Total Elapsed time: 183 Days, 7 Hours, 21 Minutes, 38 Seconds.

On a more recent voyage, Lisa battled an engine fire and was once again able to save her boat. She has recently completed the Sydney to Hobart Race with an all-female crew, in partnership with the Magenta Project. Her book Demasted is due to be released soon.

Published in Cruising

#HMSTerror - The discovery of what appears to be the wreck of the long-lost HMS Terror may rewrite the history of one of the biggest mysteries of polar exploration.

According to The Guardian, the nearly completely intact Vesuvius-class bomb vessel was found in a stroke of luck by researchers in an Arctic bay in the far north of Canada.

And their find was almost exactly 170 years to the day since the Terror and sister ship HMS Erebus were first trapped in polar ice northwest of King William Island in Victoria Strait.

Both vessels were part of an expedition by Sir John Franklin to complete the Northwest Passage in the 1840s, but Franklin did not live to see the final days of the ill-fated mission.

He was succeeded in June 1847 by Banbridge native Captain Francis Crozier, whose last known effort, as evident from a scrawled note from previous recovered records, was an attempt a year later to lead the remaining crew to safety along a river to the south, though no trace of their movements has been found.

However, the discovery of the Terror some 100km south of where it was previously believed crushed by the ice opens up a wealth of questions as to how Capt Crozier and his crew survived the extremes of the region for so long.

The Guardian has much more on the story HERE.

Published in News Update

#Offshore - RTÉ News reports that the Canadian yachtsman slowed in his crossing of the Atlantic by last week's storm conditions has made landfall at the Aran Islands.

As previously reported on, 67-year-old Erkan Gursoy had been looking forward to a pint once reaching his intended landfall at Dingle after an eventful few months solo navigating the Northwest Passage.

According to, his boat Altan Girl finally found its way to our shores yesterday (Sunday 26 October) after contact was lost for a short period.

The vessel was escorted by the Aran Islands RNLI to Inis Mór, having sustained minor damage in the storms.

And upon repairs, Gursoy may continue his solo voyage all the way to his native Turkey.

Published in Offshore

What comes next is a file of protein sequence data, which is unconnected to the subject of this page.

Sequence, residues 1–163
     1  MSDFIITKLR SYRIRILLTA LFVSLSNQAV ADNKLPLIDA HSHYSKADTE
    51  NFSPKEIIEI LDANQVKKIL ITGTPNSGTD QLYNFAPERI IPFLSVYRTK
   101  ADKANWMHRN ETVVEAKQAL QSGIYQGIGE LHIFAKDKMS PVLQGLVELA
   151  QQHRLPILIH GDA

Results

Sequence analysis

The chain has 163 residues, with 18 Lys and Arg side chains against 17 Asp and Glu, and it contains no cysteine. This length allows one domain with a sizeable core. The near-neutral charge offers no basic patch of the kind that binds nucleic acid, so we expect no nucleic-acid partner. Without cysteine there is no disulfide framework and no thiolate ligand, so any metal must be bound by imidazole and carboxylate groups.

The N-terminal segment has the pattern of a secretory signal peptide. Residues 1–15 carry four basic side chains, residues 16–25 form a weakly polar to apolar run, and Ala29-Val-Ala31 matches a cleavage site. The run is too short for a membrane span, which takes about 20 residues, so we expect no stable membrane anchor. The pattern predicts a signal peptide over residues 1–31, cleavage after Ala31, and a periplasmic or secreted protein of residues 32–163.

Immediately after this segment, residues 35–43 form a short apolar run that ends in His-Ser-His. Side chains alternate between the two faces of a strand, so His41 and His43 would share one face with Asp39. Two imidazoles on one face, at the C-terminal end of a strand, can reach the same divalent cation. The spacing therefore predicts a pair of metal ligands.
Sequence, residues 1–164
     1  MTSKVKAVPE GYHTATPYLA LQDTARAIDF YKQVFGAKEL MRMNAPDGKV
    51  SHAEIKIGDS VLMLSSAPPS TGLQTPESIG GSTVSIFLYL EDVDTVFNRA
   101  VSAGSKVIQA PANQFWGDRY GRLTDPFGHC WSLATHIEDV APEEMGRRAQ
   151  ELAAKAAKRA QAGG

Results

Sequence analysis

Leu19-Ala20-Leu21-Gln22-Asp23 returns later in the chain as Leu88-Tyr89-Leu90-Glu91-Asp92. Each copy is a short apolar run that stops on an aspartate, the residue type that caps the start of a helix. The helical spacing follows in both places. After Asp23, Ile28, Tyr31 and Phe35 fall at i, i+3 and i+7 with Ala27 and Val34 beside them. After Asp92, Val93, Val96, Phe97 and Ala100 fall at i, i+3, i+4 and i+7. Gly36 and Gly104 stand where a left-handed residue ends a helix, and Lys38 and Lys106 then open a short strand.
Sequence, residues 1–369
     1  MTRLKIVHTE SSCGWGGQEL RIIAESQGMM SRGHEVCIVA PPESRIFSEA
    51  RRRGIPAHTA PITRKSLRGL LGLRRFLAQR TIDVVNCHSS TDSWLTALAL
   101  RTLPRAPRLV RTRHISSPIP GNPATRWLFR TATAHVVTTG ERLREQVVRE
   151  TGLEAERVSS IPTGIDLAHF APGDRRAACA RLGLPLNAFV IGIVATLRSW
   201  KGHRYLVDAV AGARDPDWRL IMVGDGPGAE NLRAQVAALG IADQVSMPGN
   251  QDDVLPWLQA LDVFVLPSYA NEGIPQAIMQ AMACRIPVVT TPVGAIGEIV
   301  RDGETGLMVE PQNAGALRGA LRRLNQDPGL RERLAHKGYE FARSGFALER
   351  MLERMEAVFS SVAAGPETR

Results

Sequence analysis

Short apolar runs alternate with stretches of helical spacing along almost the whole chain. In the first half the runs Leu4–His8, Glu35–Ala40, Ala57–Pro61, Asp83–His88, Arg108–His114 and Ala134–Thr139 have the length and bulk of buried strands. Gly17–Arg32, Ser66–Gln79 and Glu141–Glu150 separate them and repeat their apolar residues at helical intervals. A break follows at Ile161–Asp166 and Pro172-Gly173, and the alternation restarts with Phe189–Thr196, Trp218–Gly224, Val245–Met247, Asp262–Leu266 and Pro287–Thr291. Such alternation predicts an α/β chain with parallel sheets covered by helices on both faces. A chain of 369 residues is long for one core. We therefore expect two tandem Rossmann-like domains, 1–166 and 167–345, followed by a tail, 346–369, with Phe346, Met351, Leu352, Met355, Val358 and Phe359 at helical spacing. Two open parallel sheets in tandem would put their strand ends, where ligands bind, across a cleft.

#Offshore - Canadian sailor Erkan Gursoy, who recently navigated the Northwest Passage solo, says he's looking forward to a pint once he reaches Irish waters, as RTÉ News reports.

The 67-year-old boat builder from Vancouver is currently some 500km off the west coast in his 11m yacht Altan Girl after riding out the remnants of Hurricane Gonzalo that brought heavy winds to Ireland in recent days.

And despite the initial concerns of the Irish Coast Guard, he's "not in any difficulty" as he makes slow but steady progress across the Atlantic bound for port at Dingle.

Besides, he's faced his share of bigger challenges since setting out on his epic voyage earlier this year, such as getting stuck in Arctic ice for 10 days in July – during which time he had to fend off the advances of dangerous polar bears.

RTÉ News has more on the story HERE.

Published in Offshore

#Adventure - An Irish duo have returned home after crossing the world's largest frozen lake in Russia.

As RTÉ News reports, Mike O'Shea from Dingle and Clare O'Leary from Bandon traversed the 640km-long Lake Baikal in Siberia over 26 days, contending with temperatures 30 degrees below freezing.

The challenge was the second mission in the veteran adventurer pair's 'Ice Project', an attempt to cross the world's main ice caps before the end of 2016.

Their next adventure will be a crossing of either Iceland or Greenland - where another intrepid group of Irish adventurers are headed this summer, as previously reported on

Meanwhile, rower Paul Gleeson writes in The Irish Times about his own upcoming challenge, joining three other men in a 25ft rowing boat to travel the 2,000 miles of the Northwest Passage in the Canadian Arctic.

Limerick man Gleeson, who is now based in Canada, compares the trek to the infamous Franklin Expedition through the passage in the mid 1800s - a tragic mission with an Irish connection through its second-in-command Francis Crozier.

The Irish Times has much more on the story HERE.

Published in News Update